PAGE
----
Please note that on our website we use cookies to enhance your experience, and for analytics purposes. To learn more about our cookies, please read our privacy policy. By clicking ‘Allow cookies’, you agree to our use of cookies. By clicking ‘Decline’, you don’t agree to our Privacy Policy.

No translations available

Iraq: US/UK plans for post-war transition could jeopardize democracy

12 February 2003

Current US / UK plans for a post-war transition to democracy in Iraq could prove unworkable and fuel ethnic and religious division, said Minority Rights Group International today as it published the first detailed analysis of the options for building democracy in a post-totalitarian Iraq.

Based on in-depth interviews with internationally-renowned experts in conflict prevention, transitional administration, human rights and constitutional law, the report Building Democracy in Iraq identifies the obstacles to an effective transition to democracy, including the lack of political or civil organization in Iraq, high dependence on the state bureaucracy, and the likelihood of revenge killings.

The report reveals the potential for conflict inherent in many of the current transition plans being considered in Washington and London, including division of the country into religious, ethnic or tribal cantons, crude forms of power-sharing which base political representation solely on ethnic/religious identity, as well as the establishment of a US ‘protectorate’ and the installation of an Iraqi general as President.

Mark Lattimer, Director of Minority Rights Group International, said: ‘Given Iraq’s recent history of extreme discrimination, ethnic cleansing and other gross human rights violations, any transitional administration which now exacerbated sectarian division or ignored the legacy of discrimination against the Shi’a and the Kurds would be doomed to fail.’

The report presents seven ground rules for preventing conflict and building inclusive democracy in Iraq, including:

  • The design of an electoral system which requires candidates for President or other federal office to gain support across the different communities and parts of Iraq
  • Special measures to counteract long-standing discrimination against the Shi’a and against the Kurds and other minorities, including promoting their participation in central as well as regional government and in public life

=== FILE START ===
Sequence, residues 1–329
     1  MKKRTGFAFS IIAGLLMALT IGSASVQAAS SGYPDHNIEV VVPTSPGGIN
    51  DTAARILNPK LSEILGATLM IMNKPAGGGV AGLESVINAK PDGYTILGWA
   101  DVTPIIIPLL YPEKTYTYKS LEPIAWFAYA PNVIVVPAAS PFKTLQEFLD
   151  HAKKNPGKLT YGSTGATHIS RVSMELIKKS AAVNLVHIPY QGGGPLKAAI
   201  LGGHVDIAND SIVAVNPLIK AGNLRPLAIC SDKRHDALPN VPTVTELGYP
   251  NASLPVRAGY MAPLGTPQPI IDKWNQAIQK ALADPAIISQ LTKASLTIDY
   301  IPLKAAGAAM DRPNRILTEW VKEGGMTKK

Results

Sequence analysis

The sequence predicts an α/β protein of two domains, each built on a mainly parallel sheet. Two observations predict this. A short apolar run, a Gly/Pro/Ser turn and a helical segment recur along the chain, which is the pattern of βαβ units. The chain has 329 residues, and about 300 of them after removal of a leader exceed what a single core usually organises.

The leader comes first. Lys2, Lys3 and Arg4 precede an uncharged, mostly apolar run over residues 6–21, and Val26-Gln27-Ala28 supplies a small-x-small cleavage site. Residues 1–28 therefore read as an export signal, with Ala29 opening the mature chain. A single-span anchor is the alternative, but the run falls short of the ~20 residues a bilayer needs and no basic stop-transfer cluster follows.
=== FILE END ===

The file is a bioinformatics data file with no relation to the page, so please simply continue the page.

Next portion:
• Consideration of a federal structure for Iraq, taking particular account of the long-standing aspirations of the Kurds for self-government
  • The deployment of human rights monitors across Iraq during the transitional phase
  • Implementation of a major programme to facilitate the voluntary return or resettlement of refugees and internally displaced persons
  • The need for any external peace-keeping forces to have a clear UN mandate and be international in composition to ensure credibility and neutrality in the eyes of the Iraqi people.

The report emphasizes that the people of Iraq must decide on the structure and form of their own democracy, rather than having a system and constitution imposed on them. A constitution-making process must be based on consultation and participation, in which all Iraq’s ethnic and religious communities are represented. A new constitution should conform to international human rights standards and establish equality before the law.

‘Taking democracy seriously means respecting the right of the Iraqi people to determine their own future,’ said Mr Lattimer. ‘The role of the international community should be supportive rather than directive.’

Minority Rights Group International takes no position on the legitimacy of the use of force against Iraq. However, as the possibility of political change in Iraq increases, it is essential to consider the requirements for protecting minority rights and promoting human development.

MRG’s report, Building Democracy in Iraq by Yash Ghai, Mark Lattimer and Yahia Said, is available online.